Germany urges Ukraine to disregard Turkey's Interpol request to extradite terror suspect

Published 18.10.2017 17:11
Updated 18.10.2017 17:16
emReuters File Photo/em
Reuters File Photo

Germany urged Ukraine Wednesday to reject an Interpol request from Turkey to extradite a man accused of killing two people and who is also a member of a terrorist organization. Germany's request comes amid tense relations between the two countries for a number of reasons, including Berlin's indifference to Turkey's fight against terrorist groups.

According to reports, the man identified as Kemal K. is a Turkish national and was also granted German citizenship.

He was reportedly arrested by Ukraine in July, as he was visiting the country with his wife, based on a request from Turkish authorities.

An active member of the the Communist Party of Turkey-Marxist Leninist movement (TKP-ML), —recognized as a terrorist group- Kemal K. is accused of involvement in two murders.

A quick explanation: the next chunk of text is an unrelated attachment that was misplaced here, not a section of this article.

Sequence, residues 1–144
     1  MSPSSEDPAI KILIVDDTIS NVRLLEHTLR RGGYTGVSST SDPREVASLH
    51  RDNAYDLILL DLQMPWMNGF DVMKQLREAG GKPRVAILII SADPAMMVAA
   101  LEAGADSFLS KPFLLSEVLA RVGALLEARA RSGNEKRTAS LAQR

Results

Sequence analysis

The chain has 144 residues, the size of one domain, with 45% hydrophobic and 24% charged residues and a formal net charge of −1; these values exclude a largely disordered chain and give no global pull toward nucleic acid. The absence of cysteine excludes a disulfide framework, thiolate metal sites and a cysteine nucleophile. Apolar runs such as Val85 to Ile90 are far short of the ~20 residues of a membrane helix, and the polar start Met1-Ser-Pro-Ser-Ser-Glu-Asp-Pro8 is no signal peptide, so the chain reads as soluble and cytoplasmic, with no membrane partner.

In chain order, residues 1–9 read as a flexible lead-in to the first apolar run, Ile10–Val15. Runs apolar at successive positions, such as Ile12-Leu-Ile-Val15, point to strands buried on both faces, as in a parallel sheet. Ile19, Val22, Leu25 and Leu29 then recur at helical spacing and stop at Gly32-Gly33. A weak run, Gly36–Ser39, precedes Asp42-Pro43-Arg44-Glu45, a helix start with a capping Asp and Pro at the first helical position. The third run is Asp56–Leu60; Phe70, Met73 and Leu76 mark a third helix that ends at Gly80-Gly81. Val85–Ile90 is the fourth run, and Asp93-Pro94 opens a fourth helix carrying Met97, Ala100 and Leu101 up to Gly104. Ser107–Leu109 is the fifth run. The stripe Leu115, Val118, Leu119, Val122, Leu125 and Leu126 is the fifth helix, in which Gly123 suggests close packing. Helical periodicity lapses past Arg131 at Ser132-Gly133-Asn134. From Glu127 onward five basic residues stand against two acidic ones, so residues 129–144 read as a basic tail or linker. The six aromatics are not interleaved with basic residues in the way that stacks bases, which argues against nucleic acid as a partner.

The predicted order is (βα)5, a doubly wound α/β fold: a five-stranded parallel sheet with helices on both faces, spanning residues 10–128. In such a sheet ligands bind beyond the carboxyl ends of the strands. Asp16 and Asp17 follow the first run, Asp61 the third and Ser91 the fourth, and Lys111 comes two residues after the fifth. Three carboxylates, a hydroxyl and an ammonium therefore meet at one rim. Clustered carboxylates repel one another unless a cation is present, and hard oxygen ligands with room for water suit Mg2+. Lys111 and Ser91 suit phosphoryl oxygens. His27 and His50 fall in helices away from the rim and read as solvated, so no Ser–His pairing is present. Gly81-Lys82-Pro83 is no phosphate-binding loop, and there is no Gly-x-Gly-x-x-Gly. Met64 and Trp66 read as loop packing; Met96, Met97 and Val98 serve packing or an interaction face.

He is currently not allowed to leave Ukraine, until prosecutors reach a final decision regarding his extradition.

Cologne Prosecutor's Office had reportedly warned Kemal K. in June, shortly before his visit to Ukraine that he may be detained if he leaves the country.

Previously, Turkey and Germany were at odds over Spain's arrest of Doğan Akhanlı, who was also accused of involvement in the killing of a businessman during an armed robbery with two PKK terrorists in 1984. Germany accused Turkey of trying to suppress political opponents through Interpol, while the latter responded by saying that such remarks are unacceptable and contradict mutual agreements. Akhanlı was later returned to Germany after Chancellor Angela Merkell pressured Spain not to extradite him to Turkey.

Turkey strongly criticizes Germany for offering asylum to PKK and Gülenist Terror Group (FETÖ) terrorists.

Despite its international status as a terrorist organization, the PKK has enjoyed relative freedom in European cities and have a particularly strong presence in Germany. PKK supporters have been allowed to hold rallies, recruit militants and collect funds in Germany and several other European countries, including Belgium, the Netherlands, and Switzerland to support terrorist activities.

Many FETÖ supporters have also been granted asylum in Germany following the deadly July 15 coup attempt last year.

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